For all the developments around enterprise voice over IP solutions, there has been only scattered interest in the related potential security threats but the Voice over IP Security Alliance (VOIPSA) has shown a spotlight on problems that IT managers ought to be concerned about.
VOIPSA was formed in February and one of its first initiatives was to define a set of security and privacy threats facing VOIP. The group released on Monday its VOIP Security Threat Taxonomy, a list of security threats in the VOIP world. The next steps will include releasing a set of best practices to help enterprises and other VOIP users determine whether they have implemented the proper safeguards. The group will also develop testing suites that will allow vendors to test that their products match best practices for equipment.
In the meantime, IT managers are unlikely to rest easier since the group has categorized the threats to VOIP. VOIPSA defined one category as deceptive practices and fraud. For example, it's possible for attackers to spoof caller ID to look like a call is coming from a specific source or even to mimic the sound of someone's voice, said Jonathan Zar, secretary and outreach chair for VOIPSA and a senior director at Sonicwall, a company offering security products. Such fraud is possible on the public switched telephone network but it's much more difficult because the networks are managed end-to-end by operators, he said.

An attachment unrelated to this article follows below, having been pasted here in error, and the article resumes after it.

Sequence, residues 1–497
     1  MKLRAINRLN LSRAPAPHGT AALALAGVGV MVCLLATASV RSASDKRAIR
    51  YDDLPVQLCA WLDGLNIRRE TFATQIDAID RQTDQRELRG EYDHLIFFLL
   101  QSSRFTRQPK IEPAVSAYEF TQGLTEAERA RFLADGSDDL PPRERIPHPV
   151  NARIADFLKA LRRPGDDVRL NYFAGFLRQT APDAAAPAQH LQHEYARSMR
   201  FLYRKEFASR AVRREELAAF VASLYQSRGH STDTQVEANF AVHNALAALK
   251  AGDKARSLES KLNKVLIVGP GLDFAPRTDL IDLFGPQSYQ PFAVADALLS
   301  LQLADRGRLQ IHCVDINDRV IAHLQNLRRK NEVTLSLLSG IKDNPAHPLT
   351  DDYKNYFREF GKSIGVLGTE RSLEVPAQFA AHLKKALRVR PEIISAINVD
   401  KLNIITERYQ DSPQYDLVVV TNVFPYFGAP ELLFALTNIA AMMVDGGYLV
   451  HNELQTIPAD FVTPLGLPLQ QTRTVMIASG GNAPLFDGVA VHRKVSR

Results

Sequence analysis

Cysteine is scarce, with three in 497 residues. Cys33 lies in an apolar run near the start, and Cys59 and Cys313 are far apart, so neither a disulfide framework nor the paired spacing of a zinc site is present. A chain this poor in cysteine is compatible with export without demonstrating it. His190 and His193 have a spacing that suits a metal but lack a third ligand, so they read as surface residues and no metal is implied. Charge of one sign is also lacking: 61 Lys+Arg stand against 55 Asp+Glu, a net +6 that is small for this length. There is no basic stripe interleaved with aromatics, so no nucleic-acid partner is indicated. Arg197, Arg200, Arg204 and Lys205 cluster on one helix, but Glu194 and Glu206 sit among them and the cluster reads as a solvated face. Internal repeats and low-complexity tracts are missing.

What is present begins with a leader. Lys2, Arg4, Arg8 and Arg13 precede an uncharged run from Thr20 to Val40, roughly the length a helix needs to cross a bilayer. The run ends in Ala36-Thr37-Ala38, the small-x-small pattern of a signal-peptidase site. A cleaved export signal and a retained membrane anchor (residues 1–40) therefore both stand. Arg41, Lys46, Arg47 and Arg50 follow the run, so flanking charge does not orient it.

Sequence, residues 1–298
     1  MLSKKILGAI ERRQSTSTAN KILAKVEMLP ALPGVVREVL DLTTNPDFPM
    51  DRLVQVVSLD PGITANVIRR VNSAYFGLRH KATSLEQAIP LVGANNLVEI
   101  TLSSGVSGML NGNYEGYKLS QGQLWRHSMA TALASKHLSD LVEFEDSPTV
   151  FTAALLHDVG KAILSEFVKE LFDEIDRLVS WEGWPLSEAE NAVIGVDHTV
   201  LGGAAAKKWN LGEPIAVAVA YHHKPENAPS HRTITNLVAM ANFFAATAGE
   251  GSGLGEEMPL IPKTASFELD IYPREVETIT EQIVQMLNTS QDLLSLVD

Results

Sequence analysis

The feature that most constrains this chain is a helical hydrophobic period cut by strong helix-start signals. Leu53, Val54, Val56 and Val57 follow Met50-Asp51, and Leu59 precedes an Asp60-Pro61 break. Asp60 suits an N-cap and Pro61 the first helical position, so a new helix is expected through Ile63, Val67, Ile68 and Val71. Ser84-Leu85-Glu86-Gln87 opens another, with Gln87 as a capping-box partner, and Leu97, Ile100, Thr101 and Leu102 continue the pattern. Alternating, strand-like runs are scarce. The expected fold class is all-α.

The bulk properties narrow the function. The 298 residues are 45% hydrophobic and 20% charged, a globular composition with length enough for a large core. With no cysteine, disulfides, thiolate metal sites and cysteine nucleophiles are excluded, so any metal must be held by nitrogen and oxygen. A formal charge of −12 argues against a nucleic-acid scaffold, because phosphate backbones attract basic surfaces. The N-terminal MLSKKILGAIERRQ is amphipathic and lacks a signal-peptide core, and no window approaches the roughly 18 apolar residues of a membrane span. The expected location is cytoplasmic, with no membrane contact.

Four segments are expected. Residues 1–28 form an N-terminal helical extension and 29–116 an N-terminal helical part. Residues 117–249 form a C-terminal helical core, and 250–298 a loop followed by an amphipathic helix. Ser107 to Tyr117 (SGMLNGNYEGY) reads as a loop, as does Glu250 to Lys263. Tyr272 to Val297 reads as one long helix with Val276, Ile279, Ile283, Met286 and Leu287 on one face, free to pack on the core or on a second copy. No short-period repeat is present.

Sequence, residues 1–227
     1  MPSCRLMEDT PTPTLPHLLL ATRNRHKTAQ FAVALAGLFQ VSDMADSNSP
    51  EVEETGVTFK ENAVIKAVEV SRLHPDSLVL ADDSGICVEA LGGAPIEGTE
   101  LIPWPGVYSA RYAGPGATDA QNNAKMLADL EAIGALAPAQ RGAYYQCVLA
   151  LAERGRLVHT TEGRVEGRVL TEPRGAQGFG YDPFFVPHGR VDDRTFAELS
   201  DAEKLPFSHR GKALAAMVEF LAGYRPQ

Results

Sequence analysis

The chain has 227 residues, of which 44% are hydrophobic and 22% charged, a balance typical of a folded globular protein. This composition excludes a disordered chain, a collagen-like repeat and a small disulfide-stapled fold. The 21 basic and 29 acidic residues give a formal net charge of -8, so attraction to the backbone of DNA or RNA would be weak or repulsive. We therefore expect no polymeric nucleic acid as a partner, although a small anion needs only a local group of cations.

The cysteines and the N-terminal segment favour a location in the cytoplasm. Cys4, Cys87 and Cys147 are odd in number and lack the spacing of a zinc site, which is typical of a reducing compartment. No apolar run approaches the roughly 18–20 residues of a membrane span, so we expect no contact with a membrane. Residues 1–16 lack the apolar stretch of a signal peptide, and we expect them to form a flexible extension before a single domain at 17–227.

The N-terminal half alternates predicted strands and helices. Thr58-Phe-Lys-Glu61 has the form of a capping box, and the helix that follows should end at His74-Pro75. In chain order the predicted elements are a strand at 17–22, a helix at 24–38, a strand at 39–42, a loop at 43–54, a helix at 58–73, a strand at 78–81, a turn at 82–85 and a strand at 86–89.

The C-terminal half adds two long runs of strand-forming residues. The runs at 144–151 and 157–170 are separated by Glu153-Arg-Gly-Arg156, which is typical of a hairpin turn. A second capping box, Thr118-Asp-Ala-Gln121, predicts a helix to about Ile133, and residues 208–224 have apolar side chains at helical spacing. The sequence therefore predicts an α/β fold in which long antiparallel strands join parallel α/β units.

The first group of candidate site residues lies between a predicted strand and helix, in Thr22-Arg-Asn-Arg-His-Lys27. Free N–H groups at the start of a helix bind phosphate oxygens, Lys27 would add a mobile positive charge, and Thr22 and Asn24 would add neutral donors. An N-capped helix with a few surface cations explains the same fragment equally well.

Other threats to VOIP come from attackers who can intercept or monitor calls, which can involve both listening in on calls or tracking who is talking to whom. VOIPSA also identified a variety of types of denial of service ranging from attacks that can essentially tie up the network so it's unusable to hacks that can prematurely run down the battery on mobile user devices.
"We know some of these things are happening anecdotally," Zar said. So far, there aren't good statistics on how often these types of attacks are happening though, he said.
While many IT managers are aware of these issues, many also aren't quite sure how to address them, Zar said. "I would say the majority of CIOs I talk to want to do more and are concerned about what happens when they start to extend VOIP beyond site to site," he said. Today, securing VOIP connections between company sites where all the traffic is within a virtual private network can be relatively straightforward but once those connections extend beyond the realm of the enterprise, to include teleworkers for example, or once they begin to include additional services, the security may begin to break down, he said. Many CIOs are aware that such steps may open the door to problems but they aren't sure how to protect against them, he said. VOIPSA hopes its future release of best practices will help steer IT leaders in the right direction.
Products do exist to help secure most VOIP enterprise usage. IT departments can isolate VOIP traffic and deploy VOIP-enabled firewalls and VOIP-aware intrusion protection tools, Zar said.
Over 100 companies, including 3Com, Alcatel, Level 3 Communications, Nokia, Agilent Technologies, Accenture., Symantec, Nortel and Juniper Networks, have joined VOIPSA since its formation.